As a tenant, you may find yourself wondering if your landlord can raise the rent on your rental property, and if so, by how much? This is a legitimate concern that renters have and a common mistake landlords make.
Especially if a landlord isn’t sure what they’re doing or they are a landlord that isn’t using an agent, there is a good chance that a landlord will increase the rent more than they are allowed which is why you should stay informed.
This is all a part of tenant management where a landlord is able to work out how much they should increase rent and what legal documents they need to do so. Just like if a landlord needed the right of access to a property or there was a need to pay service charge.
If a landlord has ever tried to increase your rent it could seem like quite a lot as you may wonder how much a landlord can increase rent in a year. In this article, we attempt to answer that question as it can get confusing.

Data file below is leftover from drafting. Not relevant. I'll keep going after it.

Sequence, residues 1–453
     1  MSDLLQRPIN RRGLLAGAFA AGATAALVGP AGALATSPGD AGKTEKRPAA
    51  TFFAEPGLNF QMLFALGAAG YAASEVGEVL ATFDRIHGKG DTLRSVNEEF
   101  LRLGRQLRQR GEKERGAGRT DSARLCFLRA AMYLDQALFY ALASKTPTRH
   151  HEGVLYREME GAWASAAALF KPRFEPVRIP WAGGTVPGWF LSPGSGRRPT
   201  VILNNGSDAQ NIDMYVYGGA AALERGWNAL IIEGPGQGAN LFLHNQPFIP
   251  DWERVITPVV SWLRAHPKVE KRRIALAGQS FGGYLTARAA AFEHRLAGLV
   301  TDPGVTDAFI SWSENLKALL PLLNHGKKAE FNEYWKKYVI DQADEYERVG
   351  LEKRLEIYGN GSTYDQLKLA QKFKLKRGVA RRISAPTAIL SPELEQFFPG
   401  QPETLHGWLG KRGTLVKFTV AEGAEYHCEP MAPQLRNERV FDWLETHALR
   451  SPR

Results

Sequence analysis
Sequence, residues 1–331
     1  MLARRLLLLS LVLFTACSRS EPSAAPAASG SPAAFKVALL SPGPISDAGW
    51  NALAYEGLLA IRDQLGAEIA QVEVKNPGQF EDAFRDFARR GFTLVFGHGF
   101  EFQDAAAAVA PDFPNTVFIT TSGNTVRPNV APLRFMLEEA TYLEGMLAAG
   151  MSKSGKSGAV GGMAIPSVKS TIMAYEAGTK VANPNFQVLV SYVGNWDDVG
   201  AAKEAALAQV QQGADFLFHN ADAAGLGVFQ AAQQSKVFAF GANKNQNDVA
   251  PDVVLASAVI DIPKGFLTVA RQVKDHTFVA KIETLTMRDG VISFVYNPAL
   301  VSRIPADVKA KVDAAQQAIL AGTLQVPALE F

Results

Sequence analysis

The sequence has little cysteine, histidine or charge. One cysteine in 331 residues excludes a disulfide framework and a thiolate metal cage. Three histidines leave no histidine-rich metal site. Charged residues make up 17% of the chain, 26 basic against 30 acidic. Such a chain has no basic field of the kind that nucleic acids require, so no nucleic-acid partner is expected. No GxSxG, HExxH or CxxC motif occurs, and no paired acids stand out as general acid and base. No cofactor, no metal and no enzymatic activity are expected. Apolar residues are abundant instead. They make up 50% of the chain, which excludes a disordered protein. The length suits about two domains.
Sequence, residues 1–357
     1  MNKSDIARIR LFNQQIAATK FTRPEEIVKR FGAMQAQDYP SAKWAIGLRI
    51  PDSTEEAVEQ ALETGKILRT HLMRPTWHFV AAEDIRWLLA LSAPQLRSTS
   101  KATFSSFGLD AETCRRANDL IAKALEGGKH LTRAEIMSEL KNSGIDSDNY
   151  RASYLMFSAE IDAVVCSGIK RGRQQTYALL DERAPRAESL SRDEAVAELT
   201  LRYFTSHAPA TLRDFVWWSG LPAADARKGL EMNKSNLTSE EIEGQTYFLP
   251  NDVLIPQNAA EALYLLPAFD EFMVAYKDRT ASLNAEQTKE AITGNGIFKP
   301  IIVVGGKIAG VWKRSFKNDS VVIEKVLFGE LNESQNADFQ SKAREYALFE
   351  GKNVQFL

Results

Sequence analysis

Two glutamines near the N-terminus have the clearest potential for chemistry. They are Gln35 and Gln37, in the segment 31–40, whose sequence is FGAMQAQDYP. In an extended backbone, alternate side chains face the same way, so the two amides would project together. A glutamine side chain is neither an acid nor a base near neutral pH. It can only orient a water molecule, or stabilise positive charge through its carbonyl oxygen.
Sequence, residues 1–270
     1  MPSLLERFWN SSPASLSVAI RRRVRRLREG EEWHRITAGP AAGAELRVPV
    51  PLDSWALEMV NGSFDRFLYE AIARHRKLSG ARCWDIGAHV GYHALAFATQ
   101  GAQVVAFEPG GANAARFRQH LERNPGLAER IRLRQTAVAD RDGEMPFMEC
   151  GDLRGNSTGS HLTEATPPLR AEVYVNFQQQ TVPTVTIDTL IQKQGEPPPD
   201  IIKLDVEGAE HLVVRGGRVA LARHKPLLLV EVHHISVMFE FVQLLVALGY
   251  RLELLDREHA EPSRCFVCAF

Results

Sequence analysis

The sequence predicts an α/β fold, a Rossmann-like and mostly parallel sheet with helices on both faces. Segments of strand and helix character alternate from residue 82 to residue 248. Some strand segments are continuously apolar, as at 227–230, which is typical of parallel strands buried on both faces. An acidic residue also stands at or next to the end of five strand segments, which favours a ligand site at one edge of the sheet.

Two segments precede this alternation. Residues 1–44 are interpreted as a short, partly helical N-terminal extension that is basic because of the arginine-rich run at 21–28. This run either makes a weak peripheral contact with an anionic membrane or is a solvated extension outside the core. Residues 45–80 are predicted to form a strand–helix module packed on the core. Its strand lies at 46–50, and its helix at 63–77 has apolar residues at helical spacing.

There are also different factors for landlords increasing rent including the cost of running a property going up such as an increase in utility bills which will have a knock-on effect on the price of rent.
Towards the end of this article, how exactly when a landlord can increase rent and what tenants can do about refusing to pay more rent or contesting a rent increase or also be talked about.
How Much Can a Landlord Raise Rent in a Year?
A landlord can increase rent within reason so there is no exact figure or percentage that the landlord can raise rent. it just has to be reflective of the market rates in the local area.
There is no regulation around this in particular but a tenant disputes a rent increase if they want to and if they feel like the increase is too much in a year.
Having said this, a landlord cannot get carried away anyway because if their rent is too high in comparison to the local area they will struggle to rent out the property.